Flight 19 ended up flying northwest from the Keys, which they mistook for the Florida Keys. The 13-man crew of a Martin PBM-5 Mariner went out to hunt for the five aircraft and 14 crewmen vanished forever into the Atlantic. The gas-heavy PBM was believed to have suffered the effects of a fuel leak when a truck passing in the region reported a big explosion in the distance. The Avengers’ disappearance has never been established conclusively, but they most likely ran out of fuel.

In a 1952 Florida magazine article on the disappearance of Flight 19, the author speculated that they were victims of the Bermuda Triangle, a mysterious plane-eating, ship-sinking stretch of water. As a result, the Avenger became associated with some of the world’s most famous conspiracy theories, alien abduction schemes, and tinfoil hat musings.

The Douglas A-1 Skyraider—the legendary Spad of the Vietnam War—was the Navy’s last torpedo bomber. Early in the Korean War, on May 2, 1951, eight Skyraiders launched the world’s last-ever surface torpedo assault on the Hwacheon Dam. The dam was struck by seven Mark 13 torpedoes, seven of which detonated, disabling the structure for the remainder of the war.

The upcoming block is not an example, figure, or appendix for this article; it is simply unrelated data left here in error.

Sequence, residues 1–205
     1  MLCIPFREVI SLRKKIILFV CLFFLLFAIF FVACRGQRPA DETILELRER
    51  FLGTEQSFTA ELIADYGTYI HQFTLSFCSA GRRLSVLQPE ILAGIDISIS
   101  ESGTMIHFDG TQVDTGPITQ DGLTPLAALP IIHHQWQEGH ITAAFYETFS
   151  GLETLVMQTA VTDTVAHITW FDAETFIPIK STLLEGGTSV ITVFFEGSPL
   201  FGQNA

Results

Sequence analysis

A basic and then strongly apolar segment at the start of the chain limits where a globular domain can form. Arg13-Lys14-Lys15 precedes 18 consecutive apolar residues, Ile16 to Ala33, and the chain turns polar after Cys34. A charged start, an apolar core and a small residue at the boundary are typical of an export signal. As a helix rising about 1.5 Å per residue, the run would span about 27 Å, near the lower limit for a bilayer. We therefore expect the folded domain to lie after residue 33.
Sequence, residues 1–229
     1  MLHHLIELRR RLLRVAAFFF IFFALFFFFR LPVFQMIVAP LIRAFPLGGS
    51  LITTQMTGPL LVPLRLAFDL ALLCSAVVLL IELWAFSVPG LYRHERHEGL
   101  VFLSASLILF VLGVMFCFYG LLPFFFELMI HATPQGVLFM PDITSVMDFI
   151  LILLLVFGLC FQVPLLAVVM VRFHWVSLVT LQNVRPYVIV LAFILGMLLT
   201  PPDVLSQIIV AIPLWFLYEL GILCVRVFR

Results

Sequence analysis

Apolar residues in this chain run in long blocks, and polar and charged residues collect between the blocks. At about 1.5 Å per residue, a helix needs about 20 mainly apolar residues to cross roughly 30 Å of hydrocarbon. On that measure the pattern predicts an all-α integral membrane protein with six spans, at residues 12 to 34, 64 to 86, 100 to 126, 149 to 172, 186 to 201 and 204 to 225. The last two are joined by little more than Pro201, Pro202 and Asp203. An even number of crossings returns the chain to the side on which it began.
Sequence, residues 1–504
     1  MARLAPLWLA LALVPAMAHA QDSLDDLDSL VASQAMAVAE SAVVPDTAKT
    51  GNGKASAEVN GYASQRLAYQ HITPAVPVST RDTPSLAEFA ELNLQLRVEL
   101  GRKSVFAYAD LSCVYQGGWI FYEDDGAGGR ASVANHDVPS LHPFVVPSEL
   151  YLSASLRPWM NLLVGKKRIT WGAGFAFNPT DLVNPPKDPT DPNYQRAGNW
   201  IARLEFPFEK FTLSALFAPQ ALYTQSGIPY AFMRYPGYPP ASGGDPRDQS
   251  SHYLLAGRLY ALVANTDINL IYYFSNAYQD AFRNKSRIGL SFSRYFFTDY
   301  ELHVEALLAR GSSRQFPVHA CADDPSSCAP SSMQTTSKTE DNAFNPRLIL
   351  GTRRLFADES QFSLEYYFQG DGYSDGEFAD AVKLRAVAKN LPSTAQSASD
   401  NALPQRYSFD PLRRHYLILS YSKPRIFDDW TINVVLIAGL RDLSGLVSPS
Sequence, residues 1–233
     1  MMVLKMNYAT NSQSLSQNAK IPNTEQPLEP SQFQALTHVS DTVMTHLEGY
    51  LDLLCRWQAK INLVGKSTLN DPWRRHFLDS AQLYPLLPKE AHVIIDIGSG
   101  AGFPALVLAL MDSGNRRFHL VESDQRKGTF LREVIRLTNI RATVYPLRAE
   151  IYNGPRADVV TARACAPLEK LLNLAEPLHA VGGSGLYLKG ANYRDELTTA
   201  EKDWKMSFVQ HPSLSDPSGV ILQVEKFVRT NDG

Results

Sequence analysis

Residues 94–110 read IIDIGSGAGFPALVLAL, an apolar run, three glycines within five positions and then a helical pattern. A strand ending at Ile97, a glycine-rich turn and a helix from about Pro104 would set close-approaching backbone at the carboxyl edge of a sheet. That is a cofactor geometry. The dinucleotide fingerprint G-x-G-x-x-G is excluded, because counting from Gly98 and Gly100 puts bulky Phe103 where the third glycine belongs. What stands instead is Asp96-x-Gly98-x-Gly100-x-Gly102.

It was the end of an era for sure.  


Contributing editor Stephan Wilkinson suggests reading Avenger at War, TBF/TBM Avenger, David Doyle’s TBF/TBM Avenger, Joe Hyams’ Flight of the Avenger: George Bush at War, and Looking Backward: Don Banks – One TBF Turret Gunner’s Story, by Stephen A. Banks.

This article first published in the September edition of Aviation History in 2023. Don’t miss a single issue by subscribing now!


Grumman’s TBF Avenger was the best — and the most versatile — American torpedo bomber of World War II. The aircraft was so formidable that it carried out bombing missions against targets all over the globe. The Avenger also served as the primary escort for the Avenger-escort squadrons that protected B-17s and B-24s over Europe and the Pacific.. Read more about grumman tbf avenger for sale and let us know what you think.

No, the TBF Avenger was not a dive bomber."}},{"@type":"Question","name":"What is the difference between a TBF Avenger and a TBM Avenger?","acceptedAnswer":{"@type":"Answer","text":" The TBF Avenger is a single-shot, break-open action shotgun that fires 12 gauge shells. The TBM Avenger is a pump-action shotgun that fires 20 gauge shells."}},{"@type":"Question","name":"Who made the TBF Avenger?","acceptedAnswer":{"@type":"Answer","text":" The TBF Avenger was made by the United States Navy."}}]}

Frequently Asked Questions

Was the TBF Avenger a dive bomber?

No, the TBF Avenger was not a dive bomber.

What is the difference between a TBF Avenger and a TBM Avenger?

The TBF Avenger is a single-shot, break-open action shotgun that fires 12 gauge shells. The TBM Avenger is a pump-action shotgun that fires 20 gauge shells.

Who made the TBF Avenger?

The TBF Avenger was made by the United States Navy.